Kale is a fantastic leafy green. It’s rich in bone-supporting minerals and loaded with antioxidants. But it can be a little “tough” to prepare, so today I’m sharing with you the best way to prepare raw kale!

There are many ways to prepare kale, whether you like it steamed, sautéed, in a stew, or thrown into a smoothie. One of my favourite ways to eat kale is mixed in with a salad. Here are some of the amazing benefits of kale and my favourite way to prepare it!

 

THE BEST WAY TO PREPARE RAW KALE

 

Health Benefits of Kale

Anti-cancer

Sulforophane, a phytonutrient found in cruciferous veggies, helps boost detoxification enzymes which can in turn help remove carcinogenic substances more effectively.

 

Vision

Kale is an extremely rich source of beta carotene and carotenoids lutein and zeaxanthin. These filter UV light and help prevent eye damage.

 

Antioxidants

Kale is a great source of vitamin C which helps boost the immune system, neutralize free radicals, and support cellular health and other bodily components from oxidative damage! Hooray!

 

Kale contains goitrogens. Is this safe?

Goitrogens are substances that can inhibit the bodies uptake of iodine, an important mineral for thyroid function. Raw kale is goitrogenic and is thought to be detrimental to those with thyroid problems, however, there is no evidence as of yet that suggests consumption of goitrogen-containing foods negatively impact health in an otherwise healthy individual and can actually still be beneficial for those who do have thyroid imbalances.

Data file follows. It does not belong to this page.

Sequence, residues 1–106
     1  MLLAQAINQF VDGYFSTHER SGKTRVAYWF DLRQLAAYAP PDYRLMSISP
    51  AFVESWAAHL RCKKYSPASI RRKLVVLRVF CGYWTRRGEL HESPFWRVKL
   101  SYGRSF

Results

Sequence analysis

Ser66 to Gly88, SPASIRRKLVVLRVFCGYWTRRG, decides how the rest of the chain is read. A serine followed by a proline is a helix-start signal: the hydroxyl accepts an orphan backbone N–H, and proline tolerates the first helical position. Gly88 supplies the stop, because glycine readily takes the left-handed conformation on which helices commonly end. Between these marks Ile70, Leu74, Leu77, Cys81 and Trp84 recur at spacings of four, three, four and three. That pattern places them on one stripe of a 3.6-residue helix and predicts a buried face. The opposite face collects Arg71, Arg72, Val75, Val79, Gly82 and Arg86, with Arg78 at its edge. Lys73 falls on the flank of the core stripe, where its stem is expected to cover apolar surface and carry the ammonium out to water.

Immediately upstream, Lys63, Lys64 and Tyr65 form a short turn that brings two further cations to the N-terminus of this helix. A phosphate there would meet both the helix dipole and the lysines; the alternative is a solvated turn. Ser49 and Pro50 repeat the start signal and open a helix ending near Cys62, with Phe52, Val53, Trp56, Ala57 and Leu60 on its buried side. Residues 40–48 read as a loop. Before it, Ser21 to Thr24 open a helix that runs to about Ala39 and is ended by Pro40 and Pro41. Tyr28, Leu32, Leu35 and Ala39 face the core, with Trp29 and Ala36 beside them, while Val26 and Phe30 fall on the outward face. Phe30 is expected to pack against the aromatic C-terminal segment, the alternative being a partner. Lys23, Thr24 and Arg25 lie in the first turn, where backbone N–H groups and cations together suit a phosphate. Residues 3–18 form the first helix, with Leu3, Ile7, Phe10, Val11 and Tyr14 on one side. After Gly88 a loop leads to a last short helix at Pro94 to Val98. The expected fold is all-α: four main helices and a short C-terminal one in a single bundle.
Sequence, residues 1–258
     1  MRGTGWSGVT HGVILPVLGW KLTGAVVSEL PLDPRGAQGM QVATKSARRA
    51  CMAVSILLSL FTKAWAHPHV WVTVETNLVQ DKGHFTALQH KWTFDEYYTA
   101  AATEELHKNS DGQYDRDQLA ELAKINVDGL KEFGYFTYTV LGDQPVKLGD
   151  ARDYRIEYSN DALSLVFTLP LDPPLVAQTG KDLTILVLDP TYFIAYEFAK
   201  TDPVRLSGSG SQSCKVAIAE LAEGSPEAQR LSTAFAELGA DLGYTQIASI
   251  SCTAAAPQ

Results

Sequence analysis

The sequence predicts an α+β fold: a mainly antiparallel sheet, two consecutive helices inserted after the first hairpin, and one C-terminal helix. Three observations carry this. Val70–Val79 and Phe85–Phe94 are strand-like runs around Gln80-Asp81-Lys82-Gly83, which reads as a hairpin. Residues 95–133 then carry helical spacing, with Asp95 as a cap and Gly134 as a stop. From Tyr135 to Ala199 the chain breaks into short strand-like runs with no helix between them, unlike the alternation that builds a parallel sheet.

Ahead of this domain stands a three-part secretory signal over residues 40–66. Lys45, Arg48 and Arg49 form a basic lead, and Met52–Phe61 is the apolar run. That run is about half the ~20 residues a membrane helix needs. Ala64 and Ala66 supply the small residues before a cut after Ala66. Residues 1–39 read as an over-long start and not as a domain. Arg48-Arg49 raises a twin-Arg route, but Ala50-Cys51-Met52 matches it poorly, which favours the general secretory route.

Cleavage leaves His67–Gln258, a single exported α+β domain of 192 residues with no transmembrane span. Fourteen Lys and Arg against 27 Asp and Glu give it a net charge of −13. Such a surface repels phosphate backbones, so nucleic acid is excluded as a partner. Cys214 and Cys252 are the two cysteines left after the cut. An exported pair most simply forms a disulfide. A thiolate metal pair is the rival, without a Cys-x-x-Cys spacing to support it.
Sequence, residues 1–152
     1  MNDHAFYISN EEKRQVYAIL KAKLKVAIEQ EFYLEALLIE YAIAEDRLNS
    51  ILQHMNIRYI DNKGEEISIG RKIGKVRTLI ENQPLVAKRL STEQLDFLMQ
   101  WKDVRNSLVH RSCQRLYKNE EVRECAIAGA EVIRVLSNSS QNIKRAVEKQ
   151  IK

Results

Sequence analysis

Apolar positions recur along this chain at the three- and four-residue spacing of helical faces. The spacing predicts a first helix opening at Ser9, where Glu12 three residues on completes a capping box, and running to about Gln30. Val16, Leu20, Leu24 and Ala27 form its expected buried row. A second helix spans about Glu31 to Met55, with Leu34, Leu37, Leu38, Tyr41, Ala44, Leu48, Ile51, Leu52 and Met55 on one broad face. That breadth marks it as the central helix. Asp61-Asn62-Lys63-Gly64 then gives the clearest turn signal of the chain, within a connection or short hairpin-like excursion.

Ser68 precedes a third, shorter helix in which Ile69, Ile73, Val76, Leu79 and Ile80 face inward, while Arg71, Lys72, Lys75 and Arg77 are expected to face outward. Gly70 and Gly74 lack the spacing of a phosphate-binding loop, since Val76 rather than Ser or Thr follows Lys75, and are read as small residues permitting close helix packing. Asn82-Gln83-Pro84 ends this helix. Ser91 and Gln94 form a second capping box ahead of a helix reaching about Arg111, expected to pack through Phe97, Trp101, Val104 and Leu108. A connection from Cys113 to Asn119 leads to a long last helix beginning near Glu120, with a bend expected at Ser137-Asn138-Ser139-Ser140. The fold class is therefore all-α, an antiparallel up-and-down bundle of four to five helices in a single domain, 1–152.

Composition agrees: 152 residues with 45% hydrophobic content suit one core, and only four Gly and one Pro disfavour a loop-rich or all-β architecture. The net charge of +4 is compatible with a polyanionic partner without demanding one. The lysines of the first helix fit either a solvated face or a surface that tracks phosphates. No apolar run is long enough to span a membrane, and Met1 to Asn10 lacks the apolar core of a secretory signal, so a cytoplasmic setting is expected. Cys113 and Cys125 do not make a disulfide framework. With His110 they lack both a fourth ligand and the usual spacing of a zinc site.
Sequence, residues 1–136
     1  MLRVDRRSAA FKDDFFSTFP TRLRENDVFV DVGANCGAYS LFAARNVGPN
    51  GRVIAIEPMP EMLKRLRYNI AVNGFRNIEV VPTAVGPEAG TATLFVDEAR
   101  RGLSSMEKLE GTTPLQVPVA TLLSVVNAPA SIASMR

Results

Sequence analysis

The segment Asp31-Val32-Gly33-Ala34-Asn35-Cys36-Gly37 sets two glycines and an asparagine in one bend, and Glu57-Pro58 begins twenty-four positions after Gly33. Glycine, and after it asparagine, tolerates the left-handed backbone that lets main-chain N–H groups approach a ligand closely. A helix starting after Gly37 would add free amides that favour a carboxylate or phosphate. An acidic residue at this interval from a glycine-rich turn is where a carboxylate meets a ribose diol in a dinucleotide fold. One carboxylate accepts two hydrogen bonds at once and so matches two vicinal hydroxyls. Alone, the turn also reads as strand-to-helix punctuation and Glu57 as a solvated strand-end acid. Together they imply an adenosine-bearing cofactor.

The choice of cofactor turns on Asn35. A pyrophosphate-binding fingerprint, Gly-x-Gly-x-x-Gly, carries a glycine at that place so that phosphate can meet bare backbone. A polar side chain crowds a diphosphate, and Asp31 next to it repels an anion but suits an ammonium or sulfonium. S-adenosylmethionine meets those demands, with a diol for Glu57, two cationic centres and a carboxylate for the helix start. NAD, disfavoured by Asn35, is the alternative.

From Dr. Fuhrman’s article:

… no human study has demonstrated a deficiency in thyroid function from consuming cruciferous vegetables … The only case report relating cruciferous vegetables to thyroid harm suggests that it would be almost impossible to consume enough cruciferous to harm the thyroid.

You know your body best and what does or doesn’t feel right. My opinion? Healthy moderation, like anything! Goitrogen-containing foods eaten within reason are nutrient dense and are very beneficial to our health, but if you’re still concerned, cook ’em! Cooking these vegetables helps deactivate most of the goitrogens.

Kale and other cruciferous vegetables are not the only source of goitrogens – some lesser known sources include strawberries, sweet potatoes and peaches, and I’m sure not about to give those up!

Let’s get on to the good stuff.

 

How to Prepare Raw Kale

The easiest way to remove kale leaves off of the stem is to simply pull them off! You can do this by grasping the bottom of the fibrous rib and firmly sliding the leaves off.
After you have rinsed your kale leaves, add them to a bowl. Drizzle 1-2 tbsp of your choice of oil on top (olive oil, avocado oil or grapeseed oil are great options) and simply begin massaging the leaves together between your hands for about a minute.

 

Massaging raw kale with oil helps to soften the toughness of the leaves, making it easier to chew, and it also helps make it more palatable as kale can be a little bitter. Once finished, the kale will appear limp and vibrant green.

 

Your kale is ready to go! Add it to your favourite salad and enjoy.

 


 

What’s your favourite way to eat kale? Salads? In smoothies?

Check out my how-to video below: